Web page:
According to my DNA test results, I am sensitive to the effects of carbs, I metabolize caffeine quickly, and I am less likely to benefit from a lowfat diet.
Genetic testing kits with promises of personalized wellness and nutrition are surging in popularity; thousands of us bought them as holiday gifts – but are the results really meaningful?
To learn more about DNA testing and how to interpret the results, I coordinated for three of us (my husband, one of my clients and myself) to each take two different tests on the market – 23andMe and Vitagene. I am a white female, my husband is a white male, and my client is a black female. Each of us has different body types, different weight histories, and different issues around food sensitivities and our response to diet and exercise.
I reached out to Dr. Chris D’Adamo to break down the results for me, explaining what the data really means. Dr. D’Adamo is a medical research scientist with expertise in nutritional genetics and personalized nutrition. As director of the University of Maryland School of Medicine and Assistant Professor at the Center for Integrative Medicine, Dr. D’Adamo has served as Principal Investigator on a wide range of studies in the field of nutrition and integrative medicine, including how our genetic makeup influences health and aging.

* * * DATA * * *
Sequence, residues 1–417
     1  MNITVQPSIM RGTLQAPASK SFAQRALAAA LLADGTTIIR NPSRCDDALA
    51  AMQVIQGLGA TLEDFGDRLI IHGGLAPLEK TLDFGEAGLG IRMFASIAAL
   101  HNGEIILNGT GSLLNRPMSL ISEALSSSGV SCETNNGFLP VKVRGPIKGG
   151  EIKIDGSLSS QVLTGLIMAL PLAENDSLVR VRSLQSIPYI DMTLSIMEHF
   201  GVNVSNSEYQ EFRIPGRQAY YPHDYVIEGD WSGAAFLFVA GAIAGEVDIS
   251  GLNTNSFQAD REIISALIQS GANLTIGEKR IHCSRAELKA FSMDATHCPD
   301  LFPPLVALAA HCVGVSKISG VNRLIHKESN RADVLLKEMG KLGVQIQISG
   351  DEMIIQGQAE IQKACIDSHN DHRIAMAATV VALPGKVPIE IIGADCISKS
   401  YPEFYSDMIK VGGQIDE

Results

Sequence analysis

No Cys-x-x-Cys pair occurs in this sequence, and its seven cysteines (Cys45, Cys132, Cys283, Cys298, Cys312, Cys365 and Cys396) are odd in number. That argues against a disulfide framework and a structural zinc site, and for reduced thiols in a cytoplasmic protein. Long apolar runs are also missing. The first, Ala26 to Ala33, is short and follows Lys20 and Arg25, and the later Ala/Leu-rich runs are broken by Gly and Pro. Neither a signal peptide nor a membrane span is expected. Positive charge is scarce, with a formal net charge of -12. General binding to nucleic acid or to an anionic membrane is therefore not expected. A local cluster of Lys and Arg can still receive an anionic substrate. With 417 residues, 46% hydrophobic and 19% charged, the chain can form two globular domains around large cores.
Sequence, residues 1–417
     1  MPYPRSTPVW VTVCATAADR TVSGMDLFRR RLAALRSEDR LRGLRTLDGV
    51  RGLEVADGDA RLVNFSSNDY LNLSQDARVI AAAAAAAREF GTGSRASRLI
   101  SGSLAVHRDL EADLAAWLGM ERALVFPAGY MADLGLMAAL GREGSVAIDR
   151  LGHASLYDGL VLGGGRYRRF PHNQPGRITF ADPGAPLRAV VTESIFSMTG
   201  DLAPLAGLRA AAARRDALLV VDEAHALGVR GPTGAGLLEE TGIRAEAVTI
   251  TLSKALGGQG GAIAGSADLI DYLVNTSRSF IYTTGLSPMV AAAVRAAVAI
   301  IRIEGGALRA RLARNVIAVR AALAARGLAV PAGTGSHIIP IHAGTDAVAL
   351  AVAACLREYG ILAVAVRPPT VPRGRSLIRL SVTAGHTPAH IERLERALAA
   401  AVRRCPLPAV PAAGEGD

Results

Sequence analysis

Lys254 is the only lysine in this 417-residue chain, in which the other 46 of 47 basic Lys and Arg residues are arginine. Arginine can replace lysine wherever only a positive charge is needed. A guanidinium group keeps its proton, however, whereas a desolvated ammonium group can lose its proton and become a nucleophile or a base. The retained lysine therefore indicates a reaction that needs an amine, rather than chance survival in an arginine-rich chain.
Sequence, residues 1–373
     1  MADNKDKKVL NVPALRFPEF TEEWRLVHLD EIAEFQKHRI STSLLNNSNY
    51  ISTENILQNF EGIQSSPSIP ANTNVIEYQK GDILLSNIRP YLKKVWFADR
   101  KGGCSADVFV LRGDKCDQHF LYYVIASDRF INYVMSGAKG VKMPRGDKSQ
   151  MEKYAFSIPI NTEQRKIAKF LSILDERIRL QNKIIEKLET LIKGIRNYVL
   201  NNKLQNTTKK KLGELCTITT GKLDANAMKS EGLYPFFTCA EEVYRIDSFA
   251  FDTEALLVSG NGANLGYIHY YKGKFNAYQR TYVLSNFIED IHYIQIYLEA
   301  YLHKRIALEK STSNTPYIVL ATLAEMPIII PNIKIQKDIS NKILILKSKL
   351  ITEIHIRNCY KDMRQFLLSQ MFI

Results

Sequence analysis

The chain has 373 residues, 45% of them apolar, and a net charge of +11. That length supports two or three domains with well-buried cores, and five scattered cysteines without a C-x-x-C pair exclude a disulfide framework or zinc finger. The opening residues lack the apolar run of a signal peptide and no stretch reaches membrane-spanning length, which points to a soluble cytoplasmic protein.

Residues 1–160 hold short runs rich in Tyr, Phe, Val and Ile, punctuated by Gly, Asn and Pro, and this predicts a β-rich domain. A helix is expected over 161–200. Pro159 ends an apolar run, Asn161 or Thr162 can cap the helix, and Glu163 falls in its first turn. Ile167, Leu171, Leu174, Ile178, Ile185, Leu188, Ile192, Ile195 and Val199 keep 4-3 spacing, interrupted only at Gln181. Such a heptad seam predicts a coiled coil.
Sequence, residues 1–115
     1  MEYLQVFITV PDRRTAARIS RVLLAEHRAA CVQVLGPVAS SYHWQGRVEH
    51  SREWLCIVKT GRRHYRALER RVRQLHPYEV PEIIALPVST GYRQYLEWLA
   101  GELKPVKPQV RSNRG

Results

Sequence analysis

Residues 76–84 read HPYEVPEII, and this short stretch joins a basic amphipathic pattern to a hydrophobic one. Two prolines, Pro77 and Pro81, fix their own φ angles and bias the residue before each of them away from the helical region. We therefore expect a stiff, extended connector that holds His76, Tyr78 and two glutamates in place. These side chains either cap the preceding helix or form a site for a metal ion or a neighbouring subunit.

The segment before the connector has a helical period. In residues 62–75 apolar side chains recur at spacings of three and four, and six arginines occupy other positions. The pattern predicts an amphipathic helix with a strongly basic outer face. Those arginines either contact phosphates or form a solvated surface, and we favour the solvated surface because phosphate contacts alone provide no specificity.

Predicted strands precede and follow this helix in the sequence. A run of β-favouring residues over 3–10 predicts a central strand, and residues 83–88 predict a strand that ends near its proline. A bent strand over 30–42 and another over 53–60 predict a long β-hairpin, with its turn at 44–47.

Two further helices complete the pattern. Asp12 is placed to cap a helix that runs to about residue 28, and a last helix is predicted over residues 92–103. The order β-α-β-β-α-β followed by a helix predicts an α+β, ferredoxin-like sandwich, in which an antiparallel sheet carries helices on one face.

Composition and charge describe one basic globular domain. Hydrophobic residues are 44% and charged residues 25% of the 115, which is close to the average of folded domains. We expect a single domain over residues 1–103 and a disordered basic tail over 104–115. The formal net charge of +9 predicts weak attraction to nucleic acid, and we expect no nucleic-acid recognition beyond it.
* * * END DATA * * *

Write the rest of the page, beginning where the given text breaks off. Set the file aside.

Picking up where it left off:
“It’s important to understand the influence of our genes on weight and health,” says Dr. D’Adamo. “There’s the genetic influence, which is out of our control, but there’s a lot that is largely in our control, such as our choice of diet, movement and sleep. Staying consistent with good nutrition and regular physical activity can help to overcome genetic predisposition to obesity. Essentially, environment and lifestyle can trump genes, or at least impact the expression of our genes.”
When it comes to the DNA health reports, there is a lot of content to digest, an incredibly vast amount of data to wrap our heads around.
At first glance, all of the results look equally strong, with the same level of validity, or accuracy.
Upon closer inspection, however, we start to see that our results can vary widely in terms of what’s relevant, what is truly rooted in our genetic make-up, and what is simply population-based data that has been compiled by the DNA testing company.
Our traits, such as hair color or eye color – or how we metabolize caffeine and alcohol – are determined by dozens, sometimes hundreds of different genes. So a variant in one, two or three genes may not be significant in whether or not we display that particular trait or predisposition.
And when it comes to whole-body wellness, like our risk for heart disease, diabetes, cancer, and our struggles with weight, thing get even more complex. Lifestyle factors play a significant role; many of these conditions are influenced as much as 80 percent by lifestyle, and just 20 percent – or less – by our genetic makeup.
3 main categories for DNA test results
Results are strongly correlated to the genes tested. In this case, the genetic variants are in fact directly linked to the specific traits or predispositions that the individual displays or is a carrier for. This means that when an individual has this specific genetic variant, there is 100% likelihood that they will exhibit the related trait or predisposition – think cystic fibrosis or sickle cell anemia.
Results are loosely correlated to the genes tested. A trait or predisposition may be based on dozens or even hundreds of genes, so the one, two or three genes that may have been tested for that particular condition will reveal just a very small part of the full story for that particular trait or predisposition.